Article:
- Acting of Lead Performers
- Acting of Supporting Cast
- Music Score
- Title Sequence
- Historical Importance
- Would You Recommend?
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for the ages..and the ageist.
yesterday ..a movie starring two people who were respected ..award winning talents. today.. based on looks alone neither one would be allowed to play a watered down.. chumped out ..old fart in an insipid.. ham assed.. teen knows best..schmoo fest.
min and bill
- kevin sellers
I'm always blown away when I'm told that Marie Dressler, who had the body and general air of a stolid peasant in a Soviet bread line, was the leading female box office star of the early 1930s. How could this be? Was it that Hollywood in the early days of sound had not yet succumbed to the cult of Glamorous? Yet, if that were so then how to account for the popularity of beauties of the silent screen, like Louise Brooks and Lilian Gish? Or was it simply the sheer force of Dressler's acting? For whatever reason...maybe the gravely voice, maybe the piercing eyes, maybe the set angry mouth that will often crinkle into a smile, or maybe a combination of the three... when Dressler's on screen you don't get up to get a snack or engage in chit chat with your neighbor. Anyway, this movie is a showcase for this fine actress' talents. Playing a waterfront innkeeper named Min, Dressler etches an unforgettable portrait of a strong, suffering, loving, passionate, tragic figure. However, there is no getting around the fact that her performance is pretty much the only thing that keeps this film afloat (good metaphor for a waterfront movie, huh?) The other characters are not as well developed, with Wallace Beery, as a previous reviewer mentioned, pretty much just along for the ride. (i.e. His character's fairly superfluous), and the first forty five minutes kind of rambling and unfocused, with not very successful attempts at physical comedy from director George Hill. Things do tighten up considerably in the last twenty minutes, though, and that final shot of Dressler, the tiniest of victorious smiles playing on her face as she's led away by the cops, is indelible. Give it a B.
- Stella W.
I saw Marie in "Dinner At Eight" and she was fantastic (they ALL were), so I went looking for more. "Min and Bill" knocked my socks off. The bulk of it is comedy - quips, a corny out-of-control boat scene, and a hysterical knockdown dragout fight scene when she catches Bill (Wallace Beery) baiting his hook for another woman. All in all, it looked predictable, and I anticipated a funny little feelgood ending. This wasn't the case. The last bit was a total genre-jump and the ULTIMATE tough trip. If you haven't seen it, DO NOT GOOGLE A PLOT SYNOPSIS. Watch this thing. In the final scenes, Marie doesn't speak a word. She communicates everything with facial expressions that must have been honed with decades of stage acting and silent movies. She got an Oscar for Best Actress for this. I imagine it was the easiest decision they ever made.
I stumbled upon the last 15 minutes of this film but I found myself hooked on watching to the end by the sheer force of character Marie Dressler brought to this role as 'Min'. This was like seeing a REAL character come to life on the screen with sorrow, pain, hurt, delight, anger, sadness all remarkably reflected by Dressler's impressive face on the screen. From the scenes I saw, Ms. Dressler well deserved an academy award for this performance.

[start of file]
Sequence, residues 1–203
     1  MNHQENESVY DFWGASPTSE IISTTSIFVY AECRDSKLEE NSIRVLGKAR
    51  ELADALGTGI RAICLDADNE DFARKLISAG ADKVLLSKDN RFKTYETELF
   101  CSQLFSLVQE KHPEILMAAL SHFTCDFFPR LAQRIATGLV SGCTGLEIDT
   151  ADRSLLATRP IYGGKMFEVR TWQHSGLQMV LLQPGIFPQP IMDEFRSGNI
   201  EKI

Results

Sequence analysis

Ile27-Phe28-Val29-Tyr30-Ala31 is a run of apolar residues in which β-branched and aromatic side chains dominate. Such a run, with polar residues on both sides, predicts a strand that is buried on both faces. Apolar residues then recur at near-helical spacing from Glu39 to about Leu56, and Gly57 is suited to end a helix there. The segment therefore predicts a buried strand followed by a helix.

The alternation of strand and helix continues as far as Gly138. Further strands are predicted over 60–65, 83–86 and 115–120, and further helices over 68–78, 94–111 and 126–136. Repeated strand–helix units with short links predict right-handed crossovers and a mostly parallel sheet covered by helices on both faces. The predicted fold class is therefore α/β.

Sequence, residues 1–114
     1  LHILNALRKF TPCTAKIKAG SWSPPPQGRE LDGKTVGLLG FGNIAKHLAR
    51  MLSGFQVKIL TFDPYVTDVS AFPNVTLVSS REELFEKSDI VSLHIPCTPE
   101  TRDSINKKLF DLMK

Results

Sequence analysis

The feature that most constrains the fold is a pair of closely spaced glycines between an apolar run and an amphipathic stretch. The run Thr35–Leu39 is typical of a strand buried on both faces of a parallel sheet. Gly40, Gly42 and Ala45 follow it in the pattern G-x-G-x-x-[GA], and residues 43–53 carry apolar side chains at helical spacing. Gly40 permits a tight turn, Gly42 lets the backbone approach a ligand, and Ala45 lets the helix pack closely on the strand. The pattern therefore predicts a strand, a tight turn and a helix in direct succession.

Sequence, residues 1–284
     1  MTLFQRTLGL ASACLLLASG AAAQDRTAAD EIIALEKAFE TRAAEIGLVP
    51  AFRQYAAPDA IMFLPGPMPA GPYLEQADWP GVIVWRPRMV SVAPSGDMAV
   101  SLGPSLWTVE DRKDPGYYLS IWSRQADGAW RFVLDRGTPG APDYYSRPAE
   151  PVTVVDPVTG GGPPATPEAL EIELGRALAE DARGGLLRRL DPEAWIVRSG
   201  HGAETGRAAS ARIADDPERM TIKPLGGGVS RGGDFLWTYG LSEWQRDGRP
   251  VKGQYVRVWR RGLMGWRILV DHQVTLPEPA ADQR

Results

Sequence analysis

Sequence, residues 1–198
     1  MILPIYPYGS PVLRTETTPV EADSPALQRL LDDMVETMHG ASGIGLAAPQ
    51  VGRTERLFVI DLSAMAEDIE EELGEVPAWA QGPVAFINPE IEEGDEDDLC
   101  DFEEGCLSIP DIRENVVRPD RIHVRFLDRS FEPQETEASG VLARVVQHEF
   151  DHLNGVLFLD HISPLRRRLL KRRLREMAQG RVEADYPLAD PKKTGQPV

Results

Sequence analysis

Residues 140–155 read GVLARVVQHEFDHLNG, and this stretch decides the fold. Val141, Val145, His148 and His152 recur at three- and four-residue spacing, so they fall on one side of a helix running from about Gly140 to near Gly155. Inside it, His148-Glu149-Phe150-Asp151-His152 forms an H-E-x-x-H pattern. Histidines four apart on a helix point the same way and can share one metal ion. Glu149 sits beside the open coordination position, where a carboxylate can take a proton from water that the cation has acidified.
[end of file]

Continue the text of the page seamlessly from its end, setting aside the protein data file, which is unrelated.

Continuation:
Min & Bill
- Dashiell B.
A cheesy drama with an unforgettable duo. Dressler won the Oscar as Best Actress as a hard-boiled innkeeper who with Beery's fisherman raise an abondoned girl. Quick-paced story is sentimental throughout, with instances of light humour and action. A good film to see from time-to-time. I give it a 3.5/5.
An Observer's Review of Min and Bill
- Jared Wyatt
I think that this film is a delightful dramedy classic filled with hilarious comedy between a terrific duo Marie Dressler and Wallace Beery and drama keeping their secret over their daughter. I think Marie Dressler so deserved the Academy Award for Best Actress in 1931 for this film
Min and Bill (1930)
- Jay Higgins
A delightful classic, Marie Dressler, as always is wonderful. It balances drama and comedy very well. Great supporting cast. Well produced.
"Min Bill" on DVD
- Jeffrey Kenison
I say this movie should be on DVD. I do like Marie Dressler (who won an Academy Award) and Wallace Beery.
Frances Marion Keeper
- Jarrod McDonald
Famed Hollywood screenwriter (who helped revive Marie Dressler's career) gives us Min and Bill and their unconventional daughter in this fun tale of waterfront impropriety. Other reviewers have noted that it is Marie's movie, and more about Min, than Wallace Beery's Bill. I agree on some level, because it certainly is a woman's film and comments on all of her relationships, from customers to family to law enforcement and school personnel. Granted, the plot is a bit prodding in the beginning, and the comic bits seem to play like tangents that keep the film from reaching its more serious moments. So, it's a combination of early sitcom and social melodrama. But for those who decide to stick with it, Marion's script offers plenty of reward (and so does Dressler's academy award winning performance). This would be a good film to pair with the 1930s version of 'Anne of Green Gables' and the original 'Stella Dallas' entry with Barbara Stanwyck. And if we're going to focus on Marion's brilliant writing career, it would be a good counter-piece to her earlier 'The Champ,' also featuring Wallace Beery.
- Renea CooperSmith
When does the movie play again on tcm?I want to be sure to invite all my friends to a movie party and watch this wonderful movie.
Min and Bill
- polly hopkins
Loved this movie - great story of self sacrifice and love